China Allegedly Offered Bitcoin Bounty to ‘Terminate’ Australian ActivistComments Off on China Allegedly Offered Bitcoin Bounty to ‘Terminate’ Australian Activist
Originally published by Decrypt on Jun. 27, 2023
Australian human rights activist Drew Pavlou claims that a $50,000 Bitcoin bounty was placed on his mother by the Chinese Communist Party.
An Australian human rights activist and critic of the Chinese Communist Party claims the CCP has put a Bitcoin bounty out on his family.
In emails seen by Decrypt, “DP Bounty Hunters” offer a bounty of $50,000 to “terminate” Drew Pavlou and family members, including his mother, Vanessa—inviting recipients to share their Bitcoin address “to receive remuneration.”
Pavlou claims the emails were sent to major shopping centers in Brisbane, in a bid to reach his mother’s employer. While the most recent email bounty was taken out on Drew’s mother, Vanessa, Pavlou claims that other family members have been targeted previously.
The bounty emails were first highlighted by Australian current affairs programme 60 Minutes Australia. Although they were sent from anonymous, hard-to-track ProtonMail addresses, Pavlou claims to have traced them to a “mercenary working for the Chinese government.”
“We can’t confirm for certain that the bounty email we received was the CCP itself,” Pavlou conceded in Twitter DMs with Decrypt. “At the very least, I believe it is very likely a CCP supporter acting with their tacit approval,” he said. “It represents a new escalation in their attempts to terrorize people outside of China who protest against the regime.”
Pavlou has gained notoriety over the years for his protests of the Chinese government, disrupting events including the Chinese Ambassador’s first public speech in Australia in June 2022. Pavlou claims to have been repeatedly harassed by Chinese authorities, and has been publicly condemned by Zhao Lijian, China’s Deputy Director-General of the Department of Boundary and Ocean Affairs.
“The CCP often targets the family members of the person that they want to silence, since often a dissident is willing to pay a personal price for their activism but will draw the line if they know that their loved ones might be affected,” William Nee, research and advocacy coordinator at human rights NGO coalition China Human Rights Defenders, told Decrypt.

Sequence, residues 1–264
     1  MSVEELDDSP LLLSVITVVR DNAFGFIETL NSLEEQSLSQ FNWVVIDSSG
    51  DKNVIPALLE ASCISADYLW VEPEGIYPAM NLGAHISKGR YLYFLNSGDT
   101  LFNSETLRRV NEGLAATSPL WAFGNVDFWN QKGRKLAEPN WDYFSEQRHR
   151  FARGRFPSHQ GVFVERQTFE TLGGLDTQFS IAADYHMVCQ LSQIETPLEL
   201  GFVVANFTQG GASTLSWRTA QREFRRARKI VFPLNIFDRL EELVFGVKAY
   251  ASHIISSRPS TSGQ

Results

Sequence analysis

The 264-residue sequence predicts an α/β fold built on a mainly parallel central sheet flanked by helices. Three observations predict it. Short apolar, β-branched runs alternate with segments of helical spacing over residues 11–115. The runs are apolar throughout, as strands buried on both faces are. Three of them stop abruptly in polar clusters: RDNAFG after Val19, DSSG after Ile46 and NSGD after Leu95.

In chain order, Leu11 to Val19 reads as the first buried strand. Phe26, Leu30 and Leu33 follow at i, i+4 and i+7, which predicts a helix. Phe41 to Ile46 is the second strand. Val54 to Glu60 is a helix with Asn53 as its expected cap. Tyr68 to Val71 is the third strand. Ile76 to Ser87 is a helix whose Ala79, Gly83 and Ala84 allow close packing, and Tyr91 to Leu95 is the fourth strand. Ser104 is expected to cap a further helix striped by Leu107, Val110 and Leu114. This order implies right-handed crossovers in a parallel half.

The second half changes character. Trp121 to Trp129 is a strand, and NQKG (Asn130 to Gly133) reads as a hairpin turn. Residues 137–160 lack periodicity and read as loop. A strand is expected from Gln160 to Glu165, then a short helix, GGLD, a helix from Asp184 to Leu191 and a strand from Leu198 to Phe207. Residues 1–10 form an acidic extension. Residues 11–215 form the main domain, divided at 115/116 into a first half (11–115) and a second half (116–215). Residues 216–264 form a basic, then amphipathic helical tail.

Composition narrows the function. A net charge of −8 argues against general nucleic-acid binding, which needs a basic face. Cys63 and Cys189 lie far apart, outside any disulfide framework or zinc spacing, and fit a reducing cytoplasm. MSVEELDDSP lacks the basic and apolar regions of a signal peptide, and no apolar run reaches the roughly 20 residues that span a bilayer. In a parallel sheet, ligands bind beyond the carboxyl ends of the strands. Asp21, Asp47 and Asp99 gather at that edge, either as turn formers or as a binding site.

“Personally, I’m inclined to see [this] scheme as less of a viable plan and more as a form of psychological intimidation,” Nee said.
Decrypt has contacted China’s embassy in Australia for comment and will update this story should we receive a response.
Using Bitcoin to pay for a bounty would add a level of plausible deniability, experts told Decrypt.
Max Galka, CEO and founder of blockchain intelligence platform Elementus, told Decrypt that crypto is frequently used for illegal activity because of its “borderless” nature, making it challenging to track and identify illicit crypto transactions. “It’s effectively frictionless because it, by design, avoids the barriers of traditional payment rails and third-parties,” he explained.
Despite crypto’s transparency and traceability, wallets are pseudonymous—meaning that, even if a transaction can be traced, it can be difficult to identify the owner of a wallet.
Crypto mixers complicate matters further, enabling the transactions to “easily be shrouded to disguise the original source,” Galka said. Users send cryptocurrency to a mixing service where it’s pooled with other coins or tokens; it then sends the equivalent amount of “mixed” coins to a recipient address, masking the connection between sender and recipient.
In August 2022, the U.S. Treasury sanctioned coin mixer Tornado Cash, claiming that it had been used to launder more than $7 billion in virtual currency.
Nation states and crypto
Crypto has been used by a number of nation states for illegal activity, including North Korea, which is accused of orchestrating hacks and ransomware attacks worth hundreds of millions of dollars through a proxy, Lazarus Group.
North Korea “has been successful in stealing from cryptocurrency businesses,” a spokesperson for blockchain analysis platform Chainalysis told Decrypt via email. “But even in these cases, law enforcement is becoming more successful at tracing and seizing funds.” Chainalysis told Decrypt that other illegal uses of crypto include “sanctions evasion leveraging crypto from Russian actors.” A spokesperson for the company added, however, that “cryptocurrency markets aren’t liquid enough for large-scale sanctions evasion to occur undetected.”
Other countries like Venezuela and Iran have also allegedly used crypto to evade sanctions. All of these parties have come under scrutiny for using crypto to bypass sanctions, but there has been little direct impact on the countries involved.
If this Bitcoin bounty was sent it is likely to be identified and possibly traced to a wallet but unlikely to result in any further consequences, unless the Australian government had concrete evidence that the bounty was issued by the CCP.
“They didn’t include any evidence that they actually had the Bitcoin and didn’t provide proper instructions for people to get in contact with them or claim it,” Pavlou told Decrypt. “So my suspicion is that this was designed to install fear and terrorize my family rather than a serious attempt to offer a bounty on my life and the lives of my loved ones.”
Since these threats have begun, Pavlou has been forced to “constantly look over my shoulder,” he said. “I try not to let the fear take over. But it’s been horrible,” he said. “I’ve been dealing with nightmares and can’t sleep. Years of threats have really started to damage my health.”